Andrew Stroud on the Britten V1000 at Paeroa, Waikato, New Zealand in February, 2011.
My brother John loved motorbikes. As a child, he would fling aside his toy trains and model cars, and happily roll a mini motorbike along the terrain of his legs and arms for hours, muttering “vrmm-vrmm” under his breath. He was also notoriously bad at saving. The prospect of eating two minute noodles for months didn’t dissuade him from buying his first motorcycle at the age of 18. He didn’t have his motorbike license, but we lived in a small backwater town. The hills and fields of the surrounding farmland were ever so tempting, and luckily the local police and farmers turned a blind eye to his reckless behaviour. John’s motorbike wasn’t particularly safe. It was huge and unwieldy; a rusty blue and yellow thing that expelled toxic plumes of black smoke. We could hear it coming a mile off. It was nothing like the elegant, lightweight Britten v1000 motorcycle.
The Britten V1000
It’s remarkable to think that instead of Germany, Japan or Canada, the most sophisticated and technically advanced motorcycle in the world comes from little old Christchurch, New Zealand. Designed and built by John Britten and a few of his friends in the early 1990s, the Britten V1000 revolutionised the world of motorcycles. The bike broke world speed records, leaving factory-built Hondas and Yamahas behind in the dust, and incorporated a number of clever innovations, including the extensive use of carbon fibre, double wishbone front suspension, a frameless chassis, the location of the radiator under the seat and engine data logging. Only ten Britten V1000s were produced by the Britten Motorcycle Company. They are now scattered across the world, gawked at in museums and collections from Te Papa to Alabama, US.
Born in Christchurch on the 1st of August, 1950, John Britten was a remarkably precocious and tech-minded child. Wiling away his time by building go-karts out of old packing cases, by the age of twelve, Britten had saved enough pennies to purchase a petrol motor. Soon he had built his first motor powered go-kart. At the age of thirteen, he and a friend called Bruce Garrick restored an old Indian Scout motorbike they had found languishing in a ditch. In 1986, John Britten decided to fiddle around with his bevel drive Ducati race bike, endeavouring to create all his own body work. However, the motor and chassis proved too unreliable, and he abandoned this venture in favour of another one; installing a Denco motor in a home built frame. Fortunately for motorcycle history, this motor failed him, so Britten eventually decided to start from scratch and build his own race bike, motor and all.
The most important factor for racing bikes is speed, from rapid acceleration, rapid deceleration, and speed with manoeuvrability around corners, to outright speed on the straight passages. Britten was preoccupied with finding ways to make his machine go faster. To this end, he crafted the body of the bike out of carbon fibre, a lightweight, strong material. The aerodynamic design of the body also gave the bike extra speed. Britten eliminated the need for a framework chassis to keep the front and rear wheels in line by strengthening the metal in the engine castings. He connected the rear wheels to the crankcase and installed a computer on board that could monitor and record six different mechanical functions.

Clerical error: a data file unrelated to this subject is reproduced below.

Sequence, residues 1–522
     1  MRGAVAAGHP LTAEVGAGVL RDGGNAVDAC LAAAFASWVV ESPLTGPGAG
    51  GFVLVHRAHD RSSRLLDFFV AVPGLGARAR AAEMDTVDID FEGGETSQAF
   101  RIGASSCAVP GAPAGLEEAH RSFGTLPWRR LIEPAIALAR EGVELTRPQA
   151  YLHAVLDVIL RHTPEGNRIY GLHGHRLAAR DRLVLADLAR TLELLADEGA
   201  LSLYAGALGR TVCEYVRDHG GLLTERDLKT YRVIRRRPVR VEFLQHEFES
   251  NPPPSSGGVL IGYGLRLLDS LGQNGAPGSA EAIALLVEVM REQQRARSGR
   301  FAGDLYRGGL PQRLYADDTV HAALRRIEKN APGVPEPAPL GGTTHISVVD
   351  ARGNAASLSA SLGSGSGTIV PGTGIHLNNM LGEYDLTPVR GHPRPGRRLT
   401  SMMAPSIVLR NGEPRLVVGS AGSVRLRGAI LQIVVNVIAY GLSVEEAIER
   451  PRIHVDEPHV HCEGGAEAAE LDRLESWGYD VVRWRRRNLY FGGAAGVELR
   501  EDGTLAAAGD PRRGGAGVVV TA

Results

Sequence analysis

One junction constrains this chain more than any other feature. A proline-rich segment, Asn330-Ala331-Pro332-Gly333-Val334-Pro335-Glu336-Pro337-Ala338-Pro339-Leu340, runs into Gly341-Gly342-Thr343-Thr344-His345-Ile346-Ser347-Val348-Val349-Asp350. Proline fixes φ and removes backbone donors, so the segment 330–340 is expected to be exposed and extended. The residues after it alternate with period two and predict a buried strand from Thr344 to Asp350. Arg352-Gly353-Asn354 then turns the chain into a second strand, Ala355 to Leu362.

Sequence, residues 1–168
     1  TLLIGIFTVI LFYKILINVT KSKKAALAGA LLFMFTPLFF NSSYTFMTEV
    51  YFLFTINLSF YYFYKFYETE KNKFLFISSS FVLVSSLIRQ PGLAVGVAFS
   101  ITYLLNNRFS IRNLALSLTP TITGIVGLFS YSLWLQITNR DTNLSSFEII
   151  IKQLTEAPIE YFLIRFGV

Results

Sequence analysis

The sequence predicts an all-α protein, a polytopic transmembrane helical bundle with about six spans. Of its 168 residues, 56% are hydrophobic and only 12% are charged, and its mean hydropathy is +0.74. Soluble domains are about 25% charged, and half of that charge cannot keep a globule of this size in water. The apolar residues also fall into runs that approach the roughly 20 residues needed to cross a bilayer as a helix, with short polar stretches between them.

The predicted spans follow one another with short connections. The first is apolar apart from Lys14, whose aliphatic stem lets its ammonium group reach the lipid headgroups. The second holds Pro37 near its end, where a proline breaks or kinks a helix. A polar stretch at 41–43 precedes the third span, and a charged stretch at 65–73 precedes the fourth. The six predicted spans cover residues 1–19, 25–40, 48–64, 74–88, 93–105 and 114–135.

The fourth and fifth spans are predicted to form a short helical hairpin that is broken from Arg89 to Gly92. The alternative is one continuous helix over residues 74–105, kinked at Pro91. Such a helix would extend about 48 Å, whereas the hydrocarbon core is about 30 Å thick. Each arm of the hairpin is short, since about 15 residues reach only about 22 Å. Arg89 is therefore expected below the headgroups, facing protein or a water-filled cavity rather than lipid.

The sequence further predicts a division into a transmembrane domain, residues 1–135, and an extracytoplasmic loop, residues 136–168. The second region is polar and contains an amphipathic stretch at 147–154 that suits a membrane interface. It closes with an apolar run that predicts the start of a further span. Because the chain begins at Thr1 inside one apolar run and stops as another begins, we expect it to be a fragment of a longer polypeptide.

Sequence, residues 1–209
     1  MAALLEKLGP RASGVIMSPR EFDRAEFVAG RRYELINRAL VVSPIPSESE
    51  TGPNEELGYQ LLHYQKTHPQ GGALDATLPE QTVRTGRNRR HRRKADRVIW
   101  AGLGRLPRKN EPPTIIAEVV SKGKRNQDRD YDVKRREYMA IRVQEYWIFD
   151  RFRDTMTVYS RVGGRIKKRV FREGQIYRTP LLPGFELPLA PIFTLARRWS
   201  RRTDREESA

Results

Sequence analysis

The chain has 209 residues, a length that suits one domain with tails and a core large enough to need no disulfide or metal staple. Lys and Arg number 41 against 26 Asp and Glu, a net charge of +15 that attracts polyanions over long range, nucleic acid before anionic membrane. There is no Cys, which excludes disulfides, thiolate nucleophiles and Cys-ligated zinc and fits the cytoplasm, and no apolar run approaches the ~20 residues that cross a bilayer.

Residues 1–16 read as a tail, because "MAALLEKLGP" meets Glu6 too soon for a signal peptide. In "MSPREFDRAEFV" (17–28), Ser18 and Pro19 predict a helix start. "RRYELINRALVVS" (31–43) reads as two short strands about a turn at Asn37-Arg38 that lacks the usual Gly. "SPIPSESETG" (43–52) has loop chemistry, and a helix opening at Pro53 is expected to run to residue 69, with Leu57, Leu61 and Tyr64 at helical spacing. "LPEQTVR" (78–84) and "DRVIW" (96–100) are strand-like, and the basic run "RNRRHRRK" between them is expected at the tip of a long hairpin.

Britten also removed the radiator from its usual position in front of the engine, and nestled it under the seat where it couldn’t disrupt air flow. He designed the engine to be small and compact; the same width as the tyres, so that it offered minimal air resistance. The front suspension was crafted in a double wishbone shape, so that the bike could take the corners faster. All these modifications imparted great power and flexibility to the bike, coupled with its visually arresting design features.
A Proper ‘Kiwi’ bike
The Britten V1000 is also a uniquely kiwi bike. The Southern Cross is tattooed into the bright blue paintwork, and upon close consideration, the ‘B’ of Britten’s signature resembles a plump little kiwi. The prototype’s shell was modelled with No. 8 fencing wire and a glue gun, and a kiln in Britten’s backyard baked the engine. It truly represents individual thought and passion in the age of generic, factory-produced bikes. As Patrick Bodden, writing in The Interactive Motorcycle said, “In designing and building the motorcycle that bears his name, John pushed his reference materials to the edges of his work area and began with a blank sheet, an open mind, and a fertile imagination. His stunningly beautiful and effective creation affirmed for the entire motorcycling community the intrinsic value of working to build a better bike and the potential of an individual to make it happen.”
Since Britten’s death in 1995, the Britten Motorcycle Company has continued to succeed, winning the Sound of Thunder at Daytona for five consecutive years. In its racing history — from Europe to Australia to New Zealand— the Britten has placed in nearly every event it has raced in. In 1995, Britten bikes took first and second place overall in the BEARS World Championship. In 1996, a Britten bike was first overall in the New Zealand National Superbike Championship. With its monstrous roar that makes a Harley Davidson sound like a gentle purr, the Britten is certainly a handful.
Three years ago, my brother died. Ironically, his death didn’t come about on the road or in an empty paddock, but in the Waihou river. We didn’t know what to do about his motorbike, and ended up selling it for a paltry $50. I’m 22 years old, and I still don’t have my license. But one day I’d like to buy a motorbike and fly over the fields like both Johns did.